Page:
(Photo: A display of Chihuly nights at the Dallas Aboretum, where glass sculptures are lit amidst the gardens of the Dallas Arboretum)     

By Jada Brazell     

Last year, more than 541,000 visitors walked through the The Dallas Arboretum. That’s about 45,000 people a month. In the first month of the Chihuly exhibit, that monthly number more than doubled to 100,000.

“The success of the exhibit is due to both Dale Chihuly’s reputation in the art world and the Dallas Arboretum’s reputation in the garden world,” said Wendy Rentz, Public Relations Manager of the Dallas Arboretum. “Both are nationally and internationally acclaimed.”

Wentz is optimistic that the global attention the exhibit has received will be a game changer for the arboretum. Success didn’t happen overnight, however. Wentz said it took 10 years to procure the exhibit.

Based on the overwhelming reception and visual appeal, the nature-inspired art was well worth the wait. The dramatic glass sculptures situated in more than 15 locations throughout the 66-acre arboretum illuminate the landscape and continues to bring novice and professional photographers out of the woodworks.

Chihuly’s homage to nature has proven a hit in North Texas and proves that local citizens truly do have an affinity for art and the environment. Some works are small in stature, like the lilies, globes and spindly sculptures staggered within reeds. Others pieces stretch as tall as treetops, inspiring awe in onlookers.

“When people see glass they have an opinion,” said Chihuly in a mini-feature airing at the arboretum. In it he goes on to explain that while many types of art are difficult to connect to for some, glass tends to be relatable.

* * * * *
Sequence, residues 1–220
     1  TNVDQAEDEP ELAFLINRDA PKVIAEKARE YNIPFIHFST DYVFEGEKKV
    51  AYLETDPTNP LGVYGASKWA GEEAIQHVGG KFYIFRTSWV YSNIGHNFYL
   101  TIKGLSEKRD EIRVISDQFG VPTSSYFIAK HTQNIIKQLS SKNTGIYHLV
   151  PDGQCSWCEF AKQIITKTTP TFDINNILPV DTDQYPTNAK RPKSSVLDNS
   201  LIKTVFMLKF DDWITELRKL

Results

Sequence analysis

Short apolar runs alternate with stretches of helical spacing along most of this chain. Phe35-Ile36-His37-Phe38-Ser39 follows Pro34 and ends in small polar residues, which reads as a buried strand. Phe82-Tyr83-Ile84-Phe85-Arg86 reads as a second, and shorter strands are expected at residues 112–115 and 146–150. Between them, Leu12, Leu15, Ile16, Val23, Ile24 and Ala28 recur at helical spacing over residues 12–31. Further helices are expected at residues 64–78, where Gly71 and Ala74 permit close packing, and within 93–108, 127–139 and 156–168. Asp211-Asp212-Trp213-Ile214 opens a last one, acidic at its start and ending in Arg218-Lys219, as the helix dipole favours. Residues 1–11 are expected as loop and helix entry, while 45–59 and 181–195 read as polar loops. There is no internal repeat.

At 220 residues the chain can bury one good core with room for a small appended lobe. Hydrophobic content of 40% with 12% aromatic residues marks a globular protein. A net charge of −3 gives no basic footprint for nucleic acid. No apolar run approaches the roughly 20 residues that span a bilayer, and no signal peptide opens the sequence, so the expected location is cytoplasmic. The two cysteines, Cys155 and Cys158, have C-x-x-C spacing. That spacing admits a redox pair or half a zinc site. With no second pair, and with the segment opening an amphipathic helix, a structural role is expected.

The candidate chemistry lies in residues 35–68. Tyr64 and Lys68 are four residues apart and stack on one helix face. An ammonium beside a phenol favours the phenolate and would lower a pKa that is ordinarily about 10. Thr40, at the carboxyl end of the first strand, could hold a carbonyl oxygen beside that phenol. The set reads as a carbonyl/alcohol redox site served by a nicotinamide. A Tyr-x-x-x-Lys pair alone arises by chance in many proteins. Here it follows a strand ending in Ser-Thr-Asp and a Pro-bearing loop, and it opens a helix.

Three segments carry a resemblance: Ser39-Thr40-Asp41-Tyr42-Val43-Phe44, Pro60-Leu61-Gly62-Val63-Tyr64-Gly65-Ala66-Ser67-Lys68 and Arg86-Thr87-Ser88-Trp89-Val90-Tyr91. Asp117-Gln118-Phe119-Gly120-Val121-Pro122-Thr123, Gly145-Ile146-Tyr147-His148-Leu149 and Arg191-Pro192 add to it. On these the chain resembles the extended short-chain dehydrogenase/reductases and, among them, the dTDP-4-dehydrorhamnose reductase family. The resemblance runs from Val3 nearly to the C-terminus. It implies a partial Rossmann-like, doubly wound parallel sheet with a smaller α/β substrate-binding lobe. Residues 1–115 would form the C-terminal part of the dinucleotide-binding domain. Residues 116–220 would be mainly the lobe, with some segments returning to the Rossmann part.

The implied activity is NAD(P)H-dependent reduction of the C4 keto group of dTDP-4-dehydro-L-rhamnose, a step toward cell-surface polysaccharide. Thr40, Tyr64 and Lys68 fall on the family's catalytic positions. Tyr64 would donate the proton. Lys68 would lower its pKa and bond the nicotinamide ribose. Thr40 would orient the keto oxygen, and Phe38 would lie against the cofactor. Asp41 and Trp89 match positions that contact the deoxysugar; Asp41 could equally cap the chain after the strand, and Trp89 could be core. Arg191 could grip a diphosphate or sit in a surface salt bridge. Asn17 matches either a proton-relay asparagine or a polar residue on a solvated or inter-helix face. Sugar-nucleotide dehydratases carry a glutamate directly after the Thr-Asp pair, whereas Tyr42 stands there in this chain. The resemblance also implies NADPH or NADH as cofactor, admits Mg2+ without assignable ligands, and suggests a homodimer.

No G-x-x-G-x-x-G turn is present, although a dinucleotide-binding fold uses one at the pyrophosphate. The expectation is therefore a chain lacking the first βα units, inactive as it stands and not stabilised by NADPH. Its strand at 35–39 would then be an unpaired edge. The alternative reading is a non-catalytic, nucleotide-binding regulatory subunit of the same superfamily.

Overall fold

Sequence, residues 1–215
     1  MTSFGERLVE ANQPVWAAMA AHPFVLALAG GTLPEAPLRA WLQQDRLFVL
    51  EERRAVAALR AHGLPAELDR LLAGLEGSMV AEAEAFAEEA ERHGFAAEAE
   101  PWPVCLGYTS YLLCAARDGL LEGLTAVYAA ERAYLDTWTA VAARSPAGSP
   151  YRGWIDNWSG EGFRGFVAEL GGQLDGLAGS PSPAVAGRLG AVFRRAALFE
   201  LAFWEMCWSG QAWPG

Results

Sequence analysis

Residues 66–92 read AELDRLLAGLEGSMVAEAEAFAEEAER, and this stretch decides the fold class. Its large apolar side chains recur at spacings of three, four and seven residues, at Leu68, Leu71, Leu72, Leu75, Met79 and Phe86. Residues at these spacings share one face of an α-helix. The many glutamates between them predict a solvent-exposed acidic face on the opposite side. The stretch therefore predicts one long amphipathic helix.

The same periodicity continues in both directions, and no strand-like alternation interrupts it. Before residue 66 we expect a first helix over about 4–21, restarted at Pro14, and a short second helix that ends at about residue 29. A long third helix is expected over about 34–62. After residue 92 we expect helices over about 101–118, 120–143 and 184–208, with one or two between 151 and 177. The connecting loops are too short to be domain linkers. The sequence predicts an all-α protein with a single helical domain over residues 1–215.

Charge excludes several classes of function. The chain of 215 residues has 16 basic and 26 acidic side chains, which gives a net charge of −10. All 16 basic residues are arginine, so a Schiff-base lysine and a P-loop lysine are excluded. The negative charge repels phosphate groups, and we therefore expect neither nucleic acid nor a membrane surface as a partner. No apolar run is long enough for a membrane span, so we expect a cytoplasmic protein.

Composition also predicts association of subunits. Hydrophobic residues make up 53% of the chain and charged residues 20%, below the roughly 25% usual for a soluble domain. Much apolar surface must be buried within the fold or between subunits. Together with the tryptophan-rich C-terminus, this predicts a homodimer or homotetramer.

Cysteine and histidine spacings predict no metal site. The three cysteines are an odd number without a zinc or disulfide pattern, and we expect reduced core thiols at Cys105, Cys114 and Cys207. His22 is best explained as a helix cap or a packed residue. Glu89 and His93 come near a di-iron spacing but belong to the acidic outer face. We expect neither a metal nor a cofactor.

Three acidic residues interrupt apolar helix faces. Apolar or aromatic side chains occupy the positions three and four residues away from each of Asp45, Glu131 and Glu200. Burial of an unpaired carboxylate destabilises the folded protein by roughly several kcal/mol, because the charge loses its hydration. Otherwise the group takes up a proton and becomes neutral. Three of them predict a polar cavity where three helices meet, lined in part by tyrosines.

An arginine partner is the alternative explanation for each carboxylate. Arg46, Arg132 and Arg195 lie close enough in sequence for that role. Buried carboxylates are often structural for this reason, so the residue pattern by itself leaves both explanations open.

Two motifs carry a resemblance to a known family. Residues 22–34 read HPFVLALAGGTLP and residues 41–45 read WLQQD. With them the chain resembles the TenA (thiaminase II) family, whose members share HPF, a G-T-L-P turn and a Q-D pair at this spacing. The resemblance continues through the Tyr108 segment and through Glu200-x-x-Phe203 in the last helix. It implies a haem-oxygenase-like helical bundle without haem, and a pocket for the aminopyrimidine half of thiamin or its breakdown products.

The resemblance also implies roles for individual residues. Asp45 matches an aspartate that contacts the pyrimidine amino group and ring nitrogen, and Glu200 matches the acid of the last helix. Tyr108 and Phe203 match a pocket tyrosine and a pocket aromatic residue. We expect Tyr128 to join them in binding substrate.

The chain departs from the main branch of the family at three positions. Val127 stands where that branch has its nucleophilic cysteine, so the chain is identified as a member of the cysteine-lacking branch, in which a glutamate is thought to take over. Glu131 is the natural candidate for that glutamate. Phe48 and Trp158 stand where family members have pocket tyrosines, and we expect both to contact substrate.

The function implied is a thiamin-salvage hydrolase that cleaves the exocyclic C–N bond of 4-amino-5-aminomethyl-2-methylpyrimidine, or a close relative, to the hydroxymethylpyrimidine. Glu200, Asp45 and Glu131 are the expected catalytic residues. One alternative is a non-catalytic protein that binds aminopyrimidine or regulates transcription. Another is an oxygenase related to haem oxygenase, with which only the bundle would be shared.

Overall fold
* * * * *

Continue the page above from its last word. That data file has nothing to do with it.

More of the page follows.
Chihuly draws his inspiration from nature. He first visualized the round “floats” sitting atop ponds. Persian lilies came later, he said. “The pond really is just the perfect environment for them.”

The Sonoran Desert speaks to Chihuly as well, moving him to design pieces that blend well with age-old cacti.

While Chihuly once was the “gaffer,” or master of each project, the scope of his work has grown so large that he directs a creative crew, who he says interpret the emotional and conceptual direction he provides. He said his role in managing the process also allows him to remain in a creative mindframe.

The artist has been working in glass since 1965, as part of the first glass program in the country, at the University of Wisconsin. To date, his work is included in more than 200 museums worldwide. He began showing in botanical settings in 2001.

His spectacular, large scale, freestanding sculptures can be seen at the arboretum every day from 9-5. The Dallas Arboretum also opens the exhibit from 6-9 p.m. on Tuesdays, Wednesdays and Thursdays for “Chihuly Nights.” Concerts are held on Tuesday and Thursday nights.

The glass is magnificently lit at night, while the sun illuminates the sculptures’ natural look during the daytime. The exhibit is worth a visit any time of day, as its qualities change with the position of the sun. Prices vary by age and time of day, so please check http://www.dallasarboretum.org/index.htm for more information.

Jada Brazell is a freelance writer who also consults for fashion- and art-based businesses on branding. She has written for the Odessa American and Global Fashion News, edited for the Texas Senate and RadioShack, and contributed to several magazines and newspapers in Central and South Texas.